"Yan Longfei has proved himself. He won the Hong Kong 50, he won the Lantao 50 and he came down for the Hong Kong 100 and beat Ryan Sandes' record, who is amongst one of the top runners in the world. Now the big question mark: is he recovered in time for tomorrow?”
Back on the track a hazy sky lights up the throng of runners waiting by the inflatable yellow start post. Michael screams into his megaphone, “Ten, nine, eight...” And they're off! The faster runners disappearing first followed by the amateurs, some older, some out of shape, and one man even running with his dog. The race starts on a road but quickly leads into the mountains. Which, of course is part of the attraction of the event.
"We came here because we know Hong Kong has beautiful trails,” says Bernard from Indonesia who works in an insurance office and came to run the 28km race. “We love the outdoors and we try to stay healthy. This is a good opportunity for us to get together, do something we love and get a good exercise.”
At the top of the mountain a brisk breeze rustles long grass, wild flowers and aromatic rosemary bushes. Hundreds of metres below the blue ocean crashes onto the rocks and sand the runners were soon to cross. Eventually, some dots across the valley. Was that a red shirt or white? About fifteen minutes later we had the answer: Dai Matsumoto from Japan, closely followed by compatriot Kondo Yoshihito wheezed up the hill past us, several minutes ahead of the following racers. Then more runners, sweating, grimacing, often bleeding from trips and scrapes along the way.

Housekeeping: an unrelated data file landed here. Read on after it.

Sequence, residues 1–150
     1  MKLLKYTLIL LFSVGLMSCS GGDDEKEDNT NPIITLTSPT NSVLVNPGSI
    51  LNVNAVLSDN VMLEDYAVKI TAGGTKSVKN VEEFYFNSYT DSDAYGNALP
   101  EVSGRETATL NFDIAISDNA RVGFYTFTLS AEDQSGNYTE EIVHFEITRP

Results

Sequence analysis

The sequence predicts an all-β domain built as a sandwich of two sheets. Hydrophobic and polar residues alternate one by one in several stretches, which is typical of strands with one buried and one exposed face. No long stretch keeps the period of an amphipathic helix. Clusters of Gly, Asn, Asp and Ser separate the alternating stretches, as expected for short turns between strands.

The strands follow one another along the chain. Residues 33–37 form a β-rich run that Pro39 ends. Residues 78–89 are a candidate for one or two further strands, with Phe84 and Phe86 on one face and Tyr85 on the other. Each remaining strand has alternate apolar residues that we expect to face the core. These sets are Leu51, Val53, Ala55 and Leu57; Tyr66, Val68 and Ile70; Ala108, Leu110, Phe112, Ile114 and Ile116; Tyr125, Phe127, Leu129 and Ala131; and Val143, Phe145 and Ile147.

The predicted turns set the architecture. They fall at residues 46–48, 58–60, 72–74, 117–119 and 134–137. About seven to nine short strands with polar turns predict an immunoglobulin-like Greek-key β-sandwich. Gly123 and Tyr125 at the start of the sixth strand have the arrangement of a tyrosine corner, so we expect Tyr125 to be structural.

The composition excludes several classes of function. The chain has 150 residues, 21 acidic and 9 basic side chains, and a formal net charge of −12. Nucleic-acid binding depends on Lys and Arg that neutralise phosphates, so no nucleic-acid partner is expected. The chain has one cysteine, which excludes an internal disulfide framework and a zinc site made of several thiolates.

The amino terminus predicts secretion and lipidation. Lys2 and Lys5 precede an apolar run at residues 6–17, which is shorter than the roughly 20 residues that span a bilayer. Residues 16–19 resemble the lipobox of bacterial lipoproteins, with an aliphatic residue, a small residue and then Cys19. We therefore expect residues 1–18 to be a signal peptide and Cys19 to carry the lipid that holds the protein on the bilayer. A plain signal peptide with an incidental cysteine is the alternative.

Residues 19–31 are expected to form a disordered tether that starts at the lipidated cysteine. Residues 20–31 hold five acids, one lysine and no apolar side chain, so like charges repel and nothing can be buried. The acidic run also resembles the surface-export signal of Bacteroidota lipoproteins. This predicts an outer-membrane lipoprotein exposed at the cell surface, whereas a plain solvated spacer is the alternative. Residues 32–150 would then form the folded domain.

But these were all runners from the shorter distances, which shared part of the route of the 50km. Still no one from the longer race. Until... red-shirted Samir Tamang from the Nepalese army came powering up the narrow mountain pass. Carrying a water flask in his left hand he looked in complete control. And he was - it was about ten minutes before the next group of 50km runners passed, which included Yan Longfei with his characteristic grin. Surely he couldn't be enjoying this? Most other runners looked in agony by this point.
At the bottom of the mountain racers of the shorter distances had started arriving. Award ceremonies were taking place, food served, and photos taken. But everyone was waiting for the first 50km runner to arrive. Then, from down the road, the unmistakable red shirt of Samir Tamang. Crossing the line with a time of 4 hours, 58 minutes and 40 seconds, he hardly looked out of breath and was immediately surrounded by microphones. It was far and away the fastest 50km of the day. He was elated with the win, yet still disappointed with his time.
"Such an honor to become the champion, but I didn't finish the course within my estimated time. I have been to Hong Kong once before for a 100K race and this is my first 50k in HK. It marked a good start of the year in 2015!” he said.
A few minutes later, Lan Yongfei came through with a time of 5 hours, 11 minutes and 50 seconds. He told waiting journalists his problem was one of strategy.
"I chose to follow some of the strong runners as usual and I guess I followed the wrong person this time. I realized there were two people ahead of me at the very last bit of the race and that was too late for me to overpass them both. I enjoyed the race overall especially the view at the hilltop,” he said.
This was the first time an official Skyrunning Championship Race was held in Asia. It's just one part of a global series that spreads across five continents. Over the year runners achieve points from their best performances. So, even if some may be disappointed with their time in Hong Kong, there will be possibility for revenge...
More information about the International Sky Running Federation here: